Begin by preparing your filling.  Chop up vegetables, cheese or anything else you plan to include.  In a separate bowl, whisk together eggs and milk, adding salt and pepper to taste.  Now, make your omelet.

Monday, October 14, 2013

How to bake an Apple Pie without a recipe



"Only a woman of a certain age would need a recipe to bake an apple pie." I read that somewhere in a novel and I immediately related to the character.  I first learned how to bake an apple pie in my high school Home Economics class, circa early 1970's.


I still have the pie crust recipe from class, which I've used so often, I know it by heart.  My teacher, Mrs. Libby, unfortunately, I do not remember.  Home Ec was one of my favorite classes and I went on to study the subject in college.  I learned some very valuable life skills during those years.   Skills, which it seems, are missing from today's kid's education.  How do kids today learn how to cook?  How do they know what is nutritious and healthy?  A recent Boston Globe article, Bring back home ec, raises those questions.  One answer is to consider reviving Home Economics classes.  If not in the school system, then it should be taught at home.  Which got me to thinking....do my own kids know how to bake an apple pie?  They've watched me bake many pies....but would they know how to make one themselves?


There really isn't much to making an apple pie.  In addition to pie crust, all you need are apples, sugar, lemon juice and zest, nutmeg, and cornstarch.  I like to make pie crust, yet I will admit that it can be a hassle sometimes.  So, for a quick and easy pie I recommend using Ready-to-Bake pie crust from the market.  Honest, if you use a nice pie plate no one will ever question who made the crust.  Even easier is a one-crust pie.  A favorite with my family is Apple Pie with Oatmeal Crumb Topping.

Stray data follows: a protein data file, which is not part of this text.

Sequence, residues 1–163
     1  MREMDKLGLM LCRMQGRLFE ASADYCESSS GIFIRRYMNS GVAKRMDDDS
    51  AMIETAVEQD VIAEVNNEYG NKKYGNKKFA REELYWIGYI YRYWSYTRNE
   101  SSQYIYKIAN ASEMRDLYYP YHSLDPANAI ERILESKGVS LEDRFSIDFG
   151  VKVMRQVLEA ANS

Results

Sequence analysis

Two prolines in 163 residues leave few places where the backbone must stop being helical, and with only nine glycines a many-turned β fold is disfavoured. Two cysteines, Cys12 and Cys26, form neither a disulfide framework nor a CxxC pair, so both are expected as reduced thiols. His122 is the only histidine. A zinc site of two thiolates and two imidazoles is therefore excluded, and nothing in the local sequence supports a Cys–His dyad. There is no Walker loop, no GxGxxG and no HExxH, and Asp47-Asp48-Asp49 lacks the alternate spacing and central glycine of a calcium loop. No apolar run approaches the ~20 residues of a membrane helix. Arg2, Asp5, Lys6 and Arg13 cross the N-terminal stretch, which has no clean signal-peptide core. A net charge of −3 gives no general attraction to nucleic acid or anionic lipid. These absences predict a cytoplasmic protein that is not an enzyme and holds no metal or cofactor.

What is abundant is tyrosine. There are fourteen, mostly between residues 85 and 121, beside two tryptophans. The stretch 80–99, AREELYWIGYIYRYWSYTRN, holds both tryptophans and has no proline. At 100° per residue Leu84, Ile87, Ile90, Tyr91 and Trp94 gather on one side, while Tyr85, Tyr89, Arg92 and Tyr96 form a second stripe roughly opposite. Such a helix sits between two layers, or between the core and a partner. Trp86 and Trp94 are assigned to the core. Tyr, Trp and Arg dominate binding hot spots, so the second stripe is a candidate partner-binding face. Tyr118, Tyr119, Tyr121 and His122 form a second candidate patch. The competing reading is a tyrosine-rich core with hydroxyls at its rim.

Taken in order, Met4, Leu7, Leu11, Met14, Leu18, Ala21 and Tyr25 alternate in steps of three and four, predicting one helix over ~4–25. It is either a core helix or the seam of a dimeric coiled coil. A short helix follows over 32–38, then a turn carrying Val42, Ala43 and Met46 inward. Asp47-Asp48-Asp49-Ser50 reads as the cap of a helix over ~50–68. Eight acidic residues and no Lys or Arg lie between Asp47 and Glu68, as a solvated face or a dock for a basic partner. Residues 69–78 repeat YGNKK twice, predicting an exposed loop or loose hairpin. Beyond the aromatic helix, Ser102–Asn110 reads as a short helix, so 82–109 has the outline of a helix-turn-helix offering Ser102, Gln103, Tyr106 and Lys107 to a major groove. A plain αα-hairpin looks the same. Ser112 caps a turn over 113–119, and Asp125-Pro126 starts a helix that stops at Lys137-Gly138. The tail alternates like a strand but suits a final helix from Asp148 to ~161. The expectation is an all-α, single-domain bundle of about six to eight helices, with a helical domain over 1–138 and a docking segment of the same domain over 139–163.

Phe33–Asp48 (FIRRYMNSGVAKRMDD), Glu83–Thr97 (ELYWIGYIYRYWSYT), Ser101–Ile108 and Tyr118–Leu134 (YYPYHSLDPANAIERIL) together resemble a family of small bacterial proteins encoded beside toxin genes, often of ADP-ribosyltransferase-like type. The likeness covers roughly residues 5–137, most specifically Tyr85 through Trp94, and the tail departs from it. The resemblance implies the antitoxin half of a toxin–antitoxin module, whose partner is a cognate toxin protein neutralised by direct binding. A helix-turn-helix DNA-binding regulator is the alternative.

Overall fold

Tuesday, October 8, 2013

MARCELLA HAZEN'S FAMOUS TOMATO SAUCE



How many times do you need to read something, or see something, before you finally decide to jump in and try it?  If we're talking about skydiving I think my answer is never.  But, when we're talking about a simple recipe for tomato sauce, with just 3 or 4 ingredients, the answer is apparently about 40 years or so.

Beginning in 1973, Marcella Hazen published The Classic Italian Cook Book:   The Art of Italian Cooking and the Italian Art of Eating,  followed by many more books.  Included in all of this was a very simple recipe for tomato sauce.  Ever since Bloggers have been writing about food they have been raving about Marcella's recipe.  It took her sad passing recently for me to finally try it.

As with most "simple" recipes, there is room for some tweaking with little risk.  For me, it was the addition of garlic.  For others it is a pinch more salt or perhaps a bit of sugar.  Regardless, it is a classic that everyone should have in their recipe collection.

For an adaptation of  Marcella Hazen's Tomato Sauce recipe. . .